Brown-headed Nuthatch  and Eastern Bluebird in Everglades National Park

A reintroduction program was initiated to develop and implement translocation techniques aimed at restoring viable populations of Brown-headed Nuthatches and Eastern Bluebirds to Everglades National Park. The reintroduction was considered a test of the progress made in ecosystem restoration resulting from recovery from logging and the introduction of a natural fire regime implemented through prescribed burning.

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Caribbean Conservation

Ecostudies conducted two research projects in the Caribbean:

Conservation of Bahama Brown-headed Nuthatch
Only four Islands in The Bahamas support Caribbean Pine forest, and on only one – Grand Bahama Island – can you find the Bahamas Brown-headed Nuthatch. Ecostudies research focused on estimating the abundance of this rare species and determining its taxonomic status.

Andros Island – Bird inventory and assessment
In 2010, Ecostudies Institute conducted a rapid ecological assessment of avian communities and their habitats on Andros. Our goal was to identify areas of significant conservation value for a Land and Sea Use Plan that will help guide future development on the island.

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Dunlin Habitat Use and Diet in Puget Sound

Ecostudies Institute, in collaboration with Washington Department of Fish and Wildlife and support from many organizations, initiated a study in two large estuaries in north Puget Sound to determine what habitats shorebirds use and in which habitats they feed.

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Farming for Wildlife

Farming for Wildlife was a pilot project of The Nature Conservancy aimed at providing shorebird habitat on farmland in western Washington State. In 2006, Ecostudies Institute designed and executed a 4-year study on 3 private farms that investigated the effect of three agricultural practices (flooding, grazing, and haying) on soils, weeds, invertebrates and shorebirds. The project was conducted in the Skagit River delta, WA.

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Fire Effects on Birds in Pine Rocklands

From 2005 – 2008, Ecostudies Institute, through grants from the Joint Fire Science Program and Everglades National Park, conducted a study of how plants, breeding birds, and wintering birds in pine rocklands responded to variation in fire and water levels.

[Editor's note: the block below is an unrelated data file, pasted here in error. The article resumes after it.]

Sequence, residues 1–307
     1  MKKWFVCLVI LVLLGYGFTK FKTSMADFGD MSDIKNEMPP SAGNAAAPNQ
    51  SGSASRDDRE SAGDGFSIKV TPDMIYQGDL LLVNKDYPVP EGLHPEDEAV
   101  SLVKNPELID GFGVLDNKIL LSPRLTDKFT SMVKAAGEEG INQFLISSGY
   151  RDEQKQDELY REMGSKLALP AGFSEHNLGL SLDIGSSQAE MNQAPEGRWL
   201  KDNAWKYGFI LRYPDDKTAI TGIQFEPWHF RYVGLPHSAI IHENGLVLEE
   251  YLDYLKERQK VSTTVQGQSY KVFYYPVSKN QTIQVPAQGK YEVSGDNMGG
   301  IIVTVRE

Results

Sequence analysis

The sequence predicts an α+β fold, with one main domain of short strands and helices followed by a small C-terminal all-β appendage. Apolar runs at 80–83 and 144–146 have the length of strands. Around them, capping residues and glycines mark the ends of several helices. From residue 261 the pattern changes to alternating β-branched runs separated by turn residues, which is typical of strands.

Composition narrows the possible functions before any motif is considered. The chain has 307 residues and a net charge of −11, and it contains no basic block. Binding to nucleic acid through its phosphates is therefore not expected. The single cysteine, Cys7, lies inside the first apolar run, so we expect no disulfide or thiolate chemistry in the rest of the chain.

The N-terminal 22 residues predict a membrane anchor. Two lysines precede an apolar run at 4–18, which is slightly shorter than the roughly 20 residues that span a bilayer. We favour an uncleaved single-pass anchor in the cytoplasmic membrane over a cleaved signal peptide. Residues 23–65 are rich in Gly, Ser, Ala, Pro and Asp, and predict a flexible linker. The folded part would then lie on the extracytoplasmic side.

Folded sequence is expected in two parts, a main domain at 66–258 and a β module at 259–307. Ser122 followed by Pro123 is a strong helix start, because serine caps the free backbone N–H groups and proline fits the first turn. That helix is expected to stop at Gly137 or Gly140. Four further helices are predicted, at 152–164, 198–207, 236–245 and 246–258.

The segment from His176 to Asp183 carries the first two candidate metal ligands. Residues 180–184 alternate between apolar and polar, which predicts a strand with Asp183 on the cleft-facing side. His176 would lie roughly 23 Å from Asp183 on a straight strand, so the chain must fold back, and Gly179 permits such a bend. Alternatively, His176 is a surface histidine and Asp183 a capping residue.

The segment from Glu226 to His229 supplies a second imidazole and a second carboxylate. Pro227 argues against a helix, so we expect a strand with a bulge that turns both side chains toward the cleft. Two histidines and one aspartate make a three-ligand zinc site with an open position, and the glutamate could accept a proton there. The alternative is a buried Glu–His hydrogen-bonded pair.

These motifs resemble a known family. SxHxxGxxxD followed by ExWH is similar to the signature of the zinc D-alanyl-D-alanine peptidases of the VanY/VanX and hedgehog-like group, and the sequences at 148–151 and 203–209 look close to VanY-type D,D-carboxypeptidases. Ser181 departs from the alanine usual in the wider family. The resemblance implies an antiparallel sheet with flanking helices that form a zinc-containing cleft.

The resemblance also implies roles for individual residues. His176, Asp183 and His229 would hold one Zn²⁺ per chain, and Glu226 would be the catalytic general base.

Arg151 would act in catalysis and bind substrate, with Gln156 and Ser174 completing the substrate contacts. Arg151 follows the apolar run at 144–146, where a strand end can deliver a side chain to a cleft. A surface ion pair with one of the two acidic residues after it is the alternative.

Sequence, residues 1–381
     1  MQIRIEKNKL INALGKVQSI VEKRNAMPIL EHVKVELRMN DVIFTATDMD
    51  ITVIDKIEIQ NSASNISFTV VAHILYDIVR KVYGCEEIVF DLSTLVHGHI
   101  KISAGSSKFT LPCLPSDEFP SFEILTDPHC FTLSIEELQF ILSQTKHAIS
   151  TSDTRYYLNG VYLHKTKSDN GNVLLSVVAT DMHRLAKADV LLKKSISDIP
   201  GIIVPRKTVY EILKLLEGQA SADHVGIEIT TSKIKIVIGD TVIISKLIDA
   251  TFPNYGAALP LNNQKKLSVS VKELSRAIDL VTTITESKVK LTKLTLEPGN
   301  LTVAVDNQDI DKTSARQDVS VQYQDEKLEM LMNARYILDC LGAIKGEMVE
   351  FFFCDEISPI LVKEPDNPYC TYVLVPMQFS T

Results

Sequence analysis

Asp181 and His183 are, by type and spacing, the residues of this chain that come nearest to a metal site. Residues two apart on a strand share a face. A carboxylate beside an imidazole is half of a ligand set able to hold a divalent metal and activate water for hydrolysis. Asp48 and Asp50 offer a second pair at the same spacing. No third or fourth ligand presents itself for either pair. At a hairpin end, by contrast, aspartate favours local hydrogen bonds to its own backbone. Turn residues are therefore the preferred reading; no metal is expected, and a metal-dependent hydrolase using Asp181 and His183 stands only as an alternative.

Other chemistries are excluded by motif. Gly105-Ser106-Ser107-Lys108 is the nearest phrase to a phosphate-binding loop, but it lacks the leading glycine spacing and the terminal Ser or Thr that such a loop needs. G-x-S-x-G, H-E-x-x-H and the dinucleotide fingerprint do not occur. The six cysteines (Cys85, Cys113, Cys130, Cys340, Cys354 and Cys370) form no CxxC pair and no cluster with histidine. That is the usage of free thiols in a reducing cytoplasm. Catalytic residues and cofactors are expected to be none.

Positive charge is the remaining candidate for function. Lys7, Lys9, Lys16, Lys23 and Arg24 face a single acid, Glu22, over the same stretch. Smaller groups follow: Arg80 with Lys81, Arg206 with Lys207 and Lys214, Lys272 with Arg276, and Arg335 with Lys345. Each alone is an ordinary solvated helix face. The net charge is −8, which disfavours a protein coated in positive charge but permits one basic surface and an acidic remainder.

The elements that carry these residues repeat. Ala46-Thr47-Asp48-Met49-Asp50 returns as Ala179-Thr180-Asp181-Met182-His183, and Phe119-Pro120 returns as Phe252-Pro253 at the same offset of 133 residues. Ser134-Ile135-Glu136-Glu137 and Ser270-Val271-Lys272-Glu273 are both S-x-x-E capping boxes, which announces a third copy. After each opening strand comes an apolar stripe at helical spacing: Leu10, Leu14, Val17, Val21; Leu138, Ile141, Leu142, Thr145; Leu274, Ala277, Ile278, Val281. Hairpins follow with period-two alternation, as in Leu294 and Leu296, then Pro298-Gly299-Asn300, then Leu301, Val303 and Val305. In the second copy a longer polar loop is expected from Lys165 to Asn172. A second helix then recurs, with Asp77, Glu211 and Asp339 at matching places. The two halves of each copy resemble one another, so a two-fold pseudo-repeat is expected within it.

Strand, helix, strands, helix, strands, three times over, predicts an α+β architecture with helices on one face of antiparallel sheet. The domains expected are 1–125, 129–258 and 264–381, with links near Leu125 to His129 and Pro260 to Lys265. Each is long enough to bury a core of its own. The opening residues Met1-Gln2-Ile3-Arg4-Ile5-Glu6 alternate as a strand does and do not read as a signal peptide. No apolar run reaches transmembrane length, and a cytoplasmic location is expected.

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Habitat Use by Waterbirds in the Skagit River Delta

From 2002-2004, Ecostudies Institute, in collaboration with the Skagit River System Cooperative and U.S. Fish and Wildlife Service, conducted a study to explore the relationship between estuarine habitats and waterfowl and shorebird populations in the Greater Skagit River delta.

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Inventory and Monitoring of Secretive Marsh Birds

In 2013, Ecostudies conducted a pilot study that implemented the first ever standardized marsh bird surveys in Everglades National Park. Secretive marsh birds are among the most inconspicuous group of birds in North America, in part, because they inhabit emergent wetlands characterized by dense vegetation and they vocalize infrequently.

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Mangrove Cuckoo – Ecology and Seasonal Movements

Ecostudies began studying the ecology and life history of Mangrove Cuckoos (Coccyzus minor) at J. N. “Ding” Darling National Wildlife Refuge in 2012. Using miniature radio-transmitters, we tracked individuals throughout the year so as to better understand their habitat requirements and seasonal movements. We tracked cuckoos on the ground, by boat, and from the air.

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Regional Monitoring of Mangrove Landbirds

In 2011, Ecostudies Institute, in partnership with the Florida Fish and Wildlife Conservation Commission, U.S. Fish and Wildlife Service, and the National Park Service, completed a 4-year study of the birds that breed in Florida’s mangrove forests. We estimated the abundance and mapped the distribution of mangrove landbirds, quantified habitat associations, and produced a series of recommendations for implementing a long-term monitoring protocol for mangrove landbirds.

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Road Ecology

Ecostudies worked with the Oregon Department of Transportation (ODOT) to identify important wildlife-crossing areas along the state’s network of roads and highways. The results of the study helped to identify “hot spots” allowing for targeted and efficient use of mitigation measures.

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White-breasted Nuthatch in South Puget Sound

Ecostudies Institute and the American Bird Conservancy worked to reestablish the Slender-billed White-breasted Nuthatch to South Puget Sound, where it was formerly common. This project improved the conservation status of the nuthatch in the region, drew needed attention to the conservation of oak-prairie habitats, and highlighted the value and effectiveness of landbird reintroductions as a field-tested conservation tool.

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Wild Turkey in Everglades National Park

In the fall of 1999, Ecostudies Institute, Everglades National Park, the Florida Fish and Wildlife Conservation Commission, and the National Wild Turkey Federation initiated a program to reintroduce turkeys to ENP. Twenty-nine Wild Turkeys (22 females; 7 males) were released in January 2000. A second release of 31 turkeys (20 females, 10 males) was conducted in January 2006. Ecostudies monitored the population using radio-telemetry, camera surveys, and personal observations until 2009.

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